Board of Governors of the Federal Reserve System

International Finance Discussion Papers Number 611 May 1998

SOME

MULTI-COUNTRY EVIDENCE ON THE EFFECTS OF REAL EXCHANGE RATES ON OUTPUT

Steven B. Kamin and Marc Klau

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SOME

MULTI-COUNTRY EVIDENCE ON THE EFFECTS OF REAL EXCHANGE RATES ON OUTPUT

Steven B. Kamin* and Marc Klau

Abstract: The simultaneous occurrence of devaluation and recession in Mexico in 1995, as well as in the East Asian economies more recently, appears to contradict the conventional view that devaluations are expansionary. Moreover, a sizeable theoretical and empirical literature also argues that, contrary to the predictions of textbook analysis, exchange rate devaluations may be contractionary rather than expansionary. However, prior statistical analyses of the effects of exchange rate devaluation on output have been subject to several limitations: (i) they have failed to distinguish adequately between short and long-run effects; (ii) they have not controlled for the full range of external shocks; and (iii) they have not considered whether the effects of devaluation might differ between different regions of the world. The purpose of this paper is to estimate the impact of devaluation on output for 27 countries while attempting to address these limitations in previous empirical analyses. We find no evidence that devaluations are contractionary in the long run. Additionally, controlling for sources of spurious correlation and reverse causality appears to mute the measured contractionary effect of devaluation in the short run, although this effect remains even after these controls are introduced. Finally, while the literature on contractionary devaluation has focused primarily on developing countries, we found no evidence that this effect is stronger in developing countries than in industrialised countries.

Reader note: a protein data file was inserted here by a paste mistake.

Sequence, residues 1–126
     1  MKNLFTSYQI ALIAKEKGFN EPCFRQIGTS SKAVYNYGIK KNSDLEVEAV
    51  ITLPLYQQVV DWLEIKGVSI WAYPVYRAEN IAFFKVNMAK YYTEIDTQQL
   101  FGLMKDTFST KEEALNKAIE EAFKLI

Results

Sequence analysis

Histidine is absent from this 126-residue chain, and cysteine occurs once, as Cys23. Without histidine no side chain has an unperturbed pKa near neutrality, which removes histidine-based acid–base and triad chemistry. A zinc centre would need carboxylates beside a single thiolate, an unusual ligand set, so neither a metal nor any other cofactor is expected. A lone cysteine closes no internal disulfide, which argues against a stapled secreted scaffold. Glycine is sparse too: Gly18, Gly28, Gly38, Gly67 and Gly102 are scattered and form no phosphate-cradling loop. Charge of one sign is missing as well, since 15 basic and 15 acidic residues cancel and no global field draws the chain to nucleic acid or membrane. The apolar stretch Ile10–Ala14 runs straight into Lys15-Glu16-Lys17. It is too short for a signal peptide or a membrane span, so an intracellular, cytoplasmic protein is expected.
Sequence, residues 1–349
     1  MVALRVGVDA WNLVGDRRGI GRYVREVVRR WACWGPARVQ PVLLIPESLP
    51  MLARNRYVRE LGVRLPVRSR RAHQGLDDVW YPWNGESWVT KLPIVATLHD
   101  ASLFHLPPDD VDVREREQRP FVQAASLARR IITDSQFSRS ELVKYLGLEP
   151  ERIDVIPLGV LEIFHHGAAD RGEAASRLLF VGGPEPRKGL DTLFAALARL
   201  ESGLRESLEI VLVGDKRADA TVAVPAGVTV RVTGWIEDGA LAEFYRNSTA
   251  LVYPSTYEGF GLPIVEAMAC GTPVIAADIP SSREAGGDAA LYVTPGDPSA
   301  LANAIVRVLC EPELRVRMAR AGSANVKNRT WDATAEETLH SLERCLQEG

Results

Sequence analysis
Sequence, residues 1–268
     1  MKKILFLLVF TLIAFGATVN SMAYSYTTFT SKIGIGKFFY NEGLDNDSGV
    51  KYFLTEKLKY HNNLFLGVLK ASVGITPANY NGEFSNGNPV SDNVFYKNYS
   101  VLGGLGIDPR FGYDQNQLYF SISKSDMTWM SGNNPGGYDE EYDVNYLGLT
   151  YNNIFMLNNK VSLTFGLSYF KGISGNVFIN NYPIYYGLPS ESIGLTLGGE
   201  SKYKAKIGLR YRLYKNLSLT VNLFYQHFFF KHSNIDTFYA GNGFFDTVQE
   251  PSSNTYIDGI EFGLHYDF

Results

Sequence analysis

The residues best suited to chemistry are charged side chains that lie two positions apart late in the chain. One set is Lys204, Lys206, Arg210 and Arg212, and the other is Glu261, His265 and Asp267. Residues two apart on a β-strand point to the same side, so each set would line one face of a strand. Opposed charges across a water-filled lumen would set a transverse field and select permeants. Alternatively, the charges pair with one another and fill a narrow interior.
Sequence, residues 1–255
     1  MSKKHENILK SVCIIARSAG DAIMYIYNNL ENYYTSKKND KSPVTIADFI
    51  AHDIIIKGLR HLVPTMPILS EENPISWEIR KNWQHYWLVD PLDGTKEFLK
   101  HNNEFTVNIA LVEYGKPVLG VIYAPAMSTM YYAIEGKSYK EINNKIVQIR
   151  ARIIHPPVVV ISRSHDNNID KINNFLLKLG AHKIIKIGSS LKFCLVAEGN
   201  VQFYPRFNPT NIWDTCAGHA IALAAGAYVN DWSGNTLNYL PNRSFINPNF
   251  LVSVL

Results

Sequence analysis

Key Words: Contractionary devaluation

The authors are Chief of the International Development Section in the Division of International Finance, Board of Governors of the Federal Reserve System, and Statistical Assistant, Bank for International Settlements (BIS). The views in this paper are solely the responsibility of the authors and should not be interpreted as reflecting the views of the Board of Governors of the Federal Reserve System, the BIS, or any other person associated with the Federal Reserve System or BIS. We wish to thank Palle Andersen, Joseph Bisignano, Frank Smets, Stefan Gerlach, Elmar Koch, Kostas Tsatsaronis, Ted Truman and Philip Turner for useful advice and suggestions.

*

Introduction